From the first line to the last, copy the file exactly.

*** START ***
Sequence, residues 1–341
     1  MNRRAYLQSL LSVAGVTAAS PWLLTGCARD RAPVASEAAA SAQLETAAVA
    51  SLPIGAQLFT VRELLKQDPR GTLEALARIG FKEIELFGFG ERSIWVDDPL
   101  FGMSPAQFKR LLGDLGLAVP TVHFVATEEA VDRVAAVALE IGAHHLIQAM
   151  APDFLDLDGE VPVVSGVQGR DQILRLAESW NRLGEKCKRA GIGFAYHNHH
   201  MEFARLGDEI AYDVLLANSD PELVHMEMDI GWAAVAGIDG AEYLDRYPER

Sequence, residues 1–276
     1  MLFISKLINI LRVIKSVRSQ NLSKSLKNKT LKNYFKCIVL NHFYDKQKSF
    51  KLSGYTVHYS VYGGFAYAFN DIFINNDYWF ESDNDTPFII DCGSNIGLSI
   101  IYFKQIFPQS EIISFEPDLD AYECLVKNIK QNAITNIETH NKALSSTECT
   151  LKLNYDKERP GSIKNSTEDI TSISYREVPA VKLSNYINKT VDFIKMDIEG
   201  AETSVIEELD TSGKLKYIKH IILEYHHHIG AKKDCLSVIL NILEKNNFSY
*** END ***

Sequence, residues 1–341
     1  MNRRAYLQSL LSVAGVTAAS PWLLTGCARD RAPVASEAAA SAQLETAAVA
    51  SLPIGAQLFT VRELLKQDPR GTLEALARIG FKEIELFGFG ERSIWVDDPL
   101  FGMSPAQFKR LLGDLGLAVP TVHFVATEEA VDRVAAVALE IGAHHLIQAM
   151  APDFLDLDGE VPVVSGVQGR DQILRLAESW NRLGEKCKRA GIGFAYHNHH
   201  MEFARLGDEI AYDVLLANSD PELVHMEMDI GWAAVAGIDG AEYLDRYPER

Sequence, residues 1–276
     1  MLFISKLINI LRVIKSVRSQ NLSKSLKNKT LKNYFKCIVL NHFYDKQKSF
    51  KLSGYTVHYS VYGGFAYAFN DIFINNDYWF ESDNDTPFII DCGSNIGLSI
   101  IYFKQIFPQS EIISFEPDLD AYECLVKNIK QNAITNIETH NKALSSTECT
   151  LKLNYDKERP GSIKNSTEDI TSISYREVPA VKLSNYINKT VDFIKMDIEG
   201  AETSVIEELD TSGKLKYIKH IILEYHHHIG AKKDCLSVIL NILEKNNFSY